Crocs (CROX -0.35%) has been banished to the penalty box. As of this writing, shares of the foam clogs maker are down 55% so far in 2022, despite beating its own financial expectations in the first quarter and raising full-year guidance. The market clearly isn't buying the growth narrative this shoe business has established, reflected in a lowly price tag of just five times trailing 12-month earnings per share and 9 times trailing 12-month free cash flow.
Crocs is far from perfect. It went shopping and came home with a big $2.5 billion purchase of casual footwear brand Hey Dude late in 2021, just in time for a global economic slowdown and cries of possible recession on the way. The company is also trying to expand during a period of high inflation in key areas like shipping and transportation. Poor timing aside, though, there's enough good stuff happening that makes me think this is a screaming deal for the long haul.
2022 starts on the right "foot"
Crocs blew away Wall Street analyst expectations in fiscal 2022's first quarter. Revenue increased 43.5% year over year to $660 million (or 46.7% growth when excluding foreign currency exchange rates). Excluding the $115 million in revenue from Hey Dude (after the acquisition closed on Feb. 17), Crocs stand-alone sales were up 18.5% (21.7% ex-currency exchange rates) to $545 million.
As a reminder, Crocs is on a mission to reach at least $5 billion in annual sales by 2026, a goal that is becoming increasingly likely if it can maintain its recent momentum. Management reiterated its outlook for 2022 Crocs brand sales to be up at least 20% compared to 2021, pegging the expected revenue from the comfy-but-quirky foam kicks at $2.78 billion or higher.
And then there's the new Hey Dude brand, perhaps a new name for many consumers, but a popular brand among younger consumers. In Piper Sandler's "Taking Stock With Teens" Spring 2022 report, Hey Dude ranked as the No. 9 favorite footwear brand, where it first made an appearance last autumn (Crocs moved up two spots to No. 6 on the list). On a full-quarter stand-alone basis, Hey Dude revenue was up 81% to $205 million in Q1. By plugging Hey Dude into Crocs' existing distribution channels and riding young consumer momentum, management believes the Hey Dude brand can achieve at least $1 billion in annual sales by 2024.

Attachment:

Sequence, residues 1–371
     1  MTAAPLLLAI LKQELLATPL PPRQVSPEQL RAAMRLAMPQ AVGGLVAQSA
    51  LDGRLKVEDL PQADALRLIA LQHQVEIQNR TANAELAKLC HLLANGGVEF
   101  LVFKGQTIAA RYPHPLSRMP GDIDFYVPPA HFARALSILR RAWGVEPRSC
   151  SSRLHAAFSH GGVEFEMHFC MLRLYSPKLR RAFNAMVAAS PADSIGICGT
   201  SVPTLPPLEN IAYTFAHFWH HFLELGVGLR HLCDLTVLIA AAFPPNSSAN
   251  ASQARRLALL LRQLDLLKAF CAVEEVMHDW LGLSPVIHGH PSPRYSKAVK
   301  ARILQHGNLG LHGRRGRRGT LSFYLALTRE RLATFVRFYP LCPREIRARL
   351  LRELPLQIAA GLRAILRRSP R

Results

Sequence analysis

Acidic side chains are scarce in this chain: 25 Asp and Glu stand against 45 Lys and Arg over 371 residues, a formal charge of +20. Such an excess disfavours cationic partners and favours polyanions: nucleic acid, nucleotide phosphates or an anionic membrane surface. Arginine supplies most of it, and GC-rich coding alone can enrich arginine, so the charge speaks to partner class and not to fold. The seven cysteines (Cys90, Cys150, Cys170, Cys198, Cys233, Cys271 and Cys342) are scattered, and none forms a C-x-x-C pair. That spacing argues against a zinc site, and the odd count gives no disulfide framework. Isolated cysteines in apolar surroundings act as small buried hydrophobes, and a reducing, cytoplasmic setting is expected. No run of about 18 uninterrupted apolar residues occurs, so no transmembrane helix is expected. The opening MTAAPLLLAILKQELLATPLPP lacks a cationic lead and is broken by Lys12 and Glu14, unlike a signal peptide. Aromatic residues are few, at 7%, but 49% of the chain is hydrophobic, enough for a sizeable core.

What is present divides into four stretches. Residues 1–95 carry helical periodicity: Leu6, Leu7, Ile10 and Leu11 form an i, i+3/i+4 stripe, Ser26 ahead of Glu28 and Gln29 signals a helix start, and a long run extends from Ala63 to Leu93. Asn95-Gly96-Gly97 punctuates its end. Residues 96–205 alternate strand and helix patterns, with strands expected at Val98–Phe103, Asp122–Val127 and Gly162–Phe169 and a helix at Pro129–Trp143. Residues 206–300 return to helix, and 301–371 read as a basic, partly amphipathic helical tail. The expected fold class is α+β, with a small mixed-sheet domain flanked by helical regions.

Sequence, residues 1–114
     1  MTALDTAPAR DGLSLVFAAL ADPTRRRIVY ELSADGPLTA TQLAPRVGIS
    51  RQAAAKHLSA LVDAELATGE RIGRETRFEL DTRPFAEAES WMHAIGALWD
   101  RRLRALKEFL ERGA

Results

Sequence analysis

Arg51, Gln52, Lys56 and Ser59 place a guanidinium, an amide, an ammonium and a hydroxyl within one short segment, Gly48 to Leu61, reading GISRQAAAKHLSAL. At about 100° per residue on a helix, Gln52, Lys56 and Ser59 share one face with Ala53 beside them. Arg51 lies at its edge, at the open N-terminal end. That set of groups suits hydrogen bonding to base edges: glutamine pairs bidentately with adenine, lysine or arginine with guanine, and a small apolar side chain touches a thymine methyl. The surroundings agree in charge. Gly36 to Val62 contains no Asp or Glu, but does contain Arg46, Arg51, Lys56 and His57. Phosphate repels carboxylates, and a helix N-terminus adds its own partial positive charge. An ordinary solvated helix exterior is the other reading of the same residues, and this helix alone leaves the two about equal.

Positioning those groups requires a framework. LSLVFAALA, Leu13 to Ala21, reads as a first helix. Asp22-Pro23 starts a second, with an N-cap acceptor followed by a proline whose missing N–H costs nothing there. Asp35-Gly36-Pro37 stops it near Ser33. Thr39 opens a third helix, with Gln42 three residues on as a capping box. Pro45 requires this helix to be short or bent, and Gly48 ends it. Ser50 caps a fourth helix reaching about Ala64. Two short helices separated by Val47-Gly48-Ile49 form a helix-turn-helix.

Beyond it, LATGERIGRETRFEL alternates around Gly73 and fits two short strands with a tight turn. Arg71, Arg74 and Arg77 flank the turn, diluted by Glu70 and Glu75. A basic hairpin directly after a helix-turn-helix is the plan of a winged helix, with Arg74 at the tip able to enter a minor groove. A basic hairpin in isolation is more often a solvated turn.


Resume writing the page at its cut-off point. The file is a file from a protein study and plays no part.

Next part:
Challenges that need to be overcome
This isn't a "too good to be true" stock value. Crocs is facing headwinds as it seeks expansion, including increased production expenses as freight and shipping costs soar due to supply chain constraints. A strong U.S. dollar is also weakening the value of international sales. But Crocs stock has been punished for a scenario that is nowhere near reality -- at least not yet.
Case in point: CFO Anne Mehlman said on the earnings call that 20.6 million pairs of shoes were sold in Q1, a 1% decline from a year ago. However, Crocs brand average selling price was up nearly 20% over that same span of time. This is only a single quarter of performance, and the flatlining of shoe sales is definitely worth keeping an eye on. However, the fact that Crocs is able to raise prices and maintain unit shipments is notable. Crocs' brand power among its fans is for real.
This pricing power speaks to the company's ability to maintain its best-in-class operating profit margins, even as freight and related expansion expenses rise. Adjusting for one-time Hey Dude integration costs and $5 million in bad debt write-off from putting a halt on shipments to Russia, adjusted operating margin was 26.6% in Q1. Keep an eye on this metric to make sure the footwear business is able to maintain a healthy level of operating profit as inflation pressures persist.
And one more item, this one pertaining to the balance sheet: Cash and equivalents were $172 million at the end of March, offset by debt of $2.88 billion relating to the Hey Dude acquisition. Management expects to reduce its balance sheet leverage to less than two times net debt to adjusted EBITDA by mid-2023 (currently it's at 2.9 times net debt to adjusted EBITDA). There's a risk the indebtedness to purchase Hey Dude eventually backfires on Crocs.
Nevertheless, these risks are now priced into this shoe stock. With $3.5 billion in total sales expected for full-year 2022, all the while maintaining high-20% range adjusted operating profit, Crocs looks like a long-term bargain to me. Of course, the company is going to have to prove it and deliver on its ambitions, but Crocs and Hey Dude have young consumer momentum working in their favor. This stock remains a buy in my book.